• Productionization: Kubeflow incorporates features for managing AI DevOps workflows, including the deployment of TensorFlow in a distributed cloud. It also has extensions for enhancing distributed training performance’ performing model benchmarking, hyperparameter tuning, measurement, and testing. It provides a command-line interface for administration of Kubernetes application manifests in support of complex DevOps pipeline deployments that comprise multiple microservice components. And it enables scheduling and execution of distributed training and inferencing on containerized AI models through a controller that can be configured to use either CPUs or GPUs and can be dynamically adjusted to the size of the Kubernetes cluster.

Befitting the critical importance of such a project to scalable AI apps in the cloud, the Kubeflow project has broad industry participation and contributions. The project now has around 100 contributors in 20 different organizations. Organizations that have gone on record as contributing to or otherwise participating in the Kubeflow community include Alibaba Cloud, Altoros, Amazon Web Services, Ant Financial, Argo Project, Arrikto, Caicloud, Canonical, Cisco, Datawire, Dell, Github, Google,, Heptio, Huawei, IBM, Intel, Katacoda, MapR, Mesosphere, Microsoft, Momenta, NVIDIA, Pachyderm, Primer, Project Jupyter, Red Hat, Seldon, Uber, and Weaveworks.

However, Kubeflow is far from mature and has only been adopted in a handful of commercial AI workbench and DevOps solutions. Here are a few early adopters among vendors of AI tools that support cloud-native productionization of containerized models:

  • Alibaba Cloud: The cloud provider’s open-source Arena workbench incorporates Kubeflow within a command-line tool shields AI DevOps professionals from the complexities of low-level resources, environment administration, task scheduling, and GPU scheduling and assignment. It accelerates the tasks of submitting TensorFlow AI training jobs and checking their progress.
  • Amazon Web Services: The cloud provider supports Kubeflow on their public cloud’s Amazon Elastic Container Service For Kubernetes. They leverage the open-source platform to support data science pipelines that serve machine learning models created in Jupyter notebooks to GPU worker nodes for scalable training and inferencing as microservices on Kubernetes.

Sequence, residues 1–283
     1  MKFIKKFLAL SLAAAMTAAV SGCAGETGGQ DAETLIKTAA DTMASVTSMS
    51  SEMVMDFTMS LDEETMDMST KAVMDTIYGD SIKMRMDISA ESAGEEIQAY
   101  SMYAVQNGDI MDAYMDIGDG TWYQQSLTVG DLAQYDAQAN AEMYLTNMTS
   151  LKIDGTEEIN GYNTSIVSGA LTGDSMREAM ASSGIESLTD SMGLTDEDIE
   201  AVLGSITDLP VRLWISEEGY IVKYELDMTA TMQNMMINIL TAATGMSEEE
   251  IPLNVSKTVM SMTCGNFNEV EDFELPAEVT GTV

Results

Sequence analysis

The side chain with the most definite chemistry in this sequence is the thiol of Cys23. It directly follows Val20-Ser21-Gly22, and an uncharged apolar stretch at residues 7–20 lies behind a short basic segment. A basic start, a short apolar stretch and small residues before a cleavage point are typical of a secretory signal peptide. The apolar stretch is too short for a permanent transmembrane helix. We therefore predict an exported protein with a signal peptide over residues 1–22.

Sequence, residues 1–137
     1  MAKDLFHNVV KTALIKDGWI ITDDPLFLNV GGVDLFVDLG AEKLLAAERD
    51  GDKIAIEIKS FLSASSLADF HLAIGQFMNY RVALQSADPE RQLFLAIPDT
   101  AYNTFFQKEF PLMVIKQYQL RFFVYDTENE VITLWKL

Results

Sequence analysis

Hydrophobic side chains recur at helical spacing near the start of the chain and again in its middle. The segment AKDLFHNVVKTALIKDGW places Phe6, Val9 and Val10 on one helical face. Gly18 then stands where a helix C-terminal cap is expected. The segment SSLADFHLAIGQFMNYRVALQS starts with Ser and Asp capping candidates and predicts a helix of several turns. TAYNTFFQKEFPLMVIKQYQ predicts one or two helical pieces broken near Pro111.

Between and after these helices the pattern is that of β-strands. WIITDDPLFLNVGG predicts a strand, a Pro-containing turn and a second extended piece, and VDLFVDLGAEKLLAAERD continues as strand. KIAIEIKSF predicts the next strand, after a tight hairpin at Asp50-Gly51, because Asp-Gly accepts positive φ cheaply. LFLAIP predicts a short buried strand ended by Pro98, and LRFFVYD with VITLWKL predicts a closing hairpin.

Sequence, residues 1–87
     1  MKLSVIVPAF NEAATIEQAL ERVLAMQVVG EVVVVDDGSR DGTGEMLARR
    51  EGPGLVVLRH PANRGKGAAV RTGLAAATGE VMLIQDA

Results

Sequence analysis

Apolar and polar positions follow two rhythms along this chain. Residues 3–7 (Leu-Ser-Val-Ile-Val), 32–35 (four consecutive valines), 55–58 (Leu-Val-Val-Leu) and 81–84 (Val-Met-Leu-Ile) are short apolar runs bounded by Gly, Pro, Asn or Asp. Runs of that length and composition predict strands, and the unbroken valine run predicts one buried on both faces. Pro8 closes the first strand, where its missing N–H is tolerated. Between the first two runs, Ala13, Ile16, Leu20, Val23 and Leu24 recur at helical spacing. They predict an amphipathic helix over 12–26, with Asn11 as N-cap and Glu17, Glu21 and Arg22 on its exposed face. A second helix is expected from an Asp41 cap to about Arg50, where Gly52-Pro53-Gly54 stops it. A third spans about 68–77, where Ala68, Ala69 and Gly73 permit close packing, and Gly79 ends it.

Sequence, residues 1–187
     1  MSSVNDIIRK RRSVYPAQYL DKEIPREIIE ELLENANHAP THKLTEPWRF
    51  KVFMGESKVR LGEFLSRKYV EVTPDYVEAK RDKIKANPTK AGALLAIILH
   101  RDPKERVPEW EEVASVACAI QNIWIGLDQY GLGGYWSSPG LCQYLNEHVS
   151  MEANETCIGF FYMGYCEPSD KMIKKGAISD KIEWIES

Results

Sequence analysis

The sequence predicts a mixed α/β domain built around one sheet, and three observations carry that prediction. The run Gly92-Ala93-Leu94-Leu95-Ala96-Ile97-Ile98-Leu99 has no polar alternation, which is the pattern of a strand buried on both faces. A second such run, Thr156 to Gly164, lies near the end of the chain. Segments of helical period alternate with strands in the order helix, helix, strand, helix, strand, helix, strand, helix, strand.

• Cisco: The vendor supports Kubeflow both on premises and in Google Cloud. Users that run Kubeflow on Cisco’s unified computing system server platform can provision containerized AI apps and other analytic worklaods to it that were built in frameworks such as TensorFlow, PyTorch, and Spark; third-party AI modeling workbenches such as Anaconda Enterprise and Cloudera Data Science Workbench; and big data platforms from Cloudera and Hortonworks.
  • The vendor supports deployment of their H2O 3AI DevOps toolchain on Kubeflow over Kubernetes to reduce the time that data scientists spend on tasks such as tuning model hyperparameters.
  • IBM: The vendor supports Kubeflow in its Cloud Private platform to support easy configuration and administration of scalable Kubernetes-based AI pipelines in enterprise data centers, Leveraging Kubeflow with IBM Cloud Private-Community Edition, data scientists can collaborate in DevOps pipelines within private cloud environment in their enterprise data centers.
  • Weaveworks: The vendor provides DevOps tools for automated productionization, observability, and monitoring of cloud-native application workloads over Kubernetes Its tooling enables users to leverage its Weave Cloud to simplify the observability, deployments, and monitoring of Kubeflow running on Kubernetes clusters.

Within the coming year, Wikibon expects most provider of AI development workbenches, team-oriented machine-pipeline automation tools, and DevOps platforms to fully integrate Kubeflow into their offerings. At the same time, we urge the Kubeflow community to submit this project to the Cloud Native Computing Foundation for development within a dedicated working group.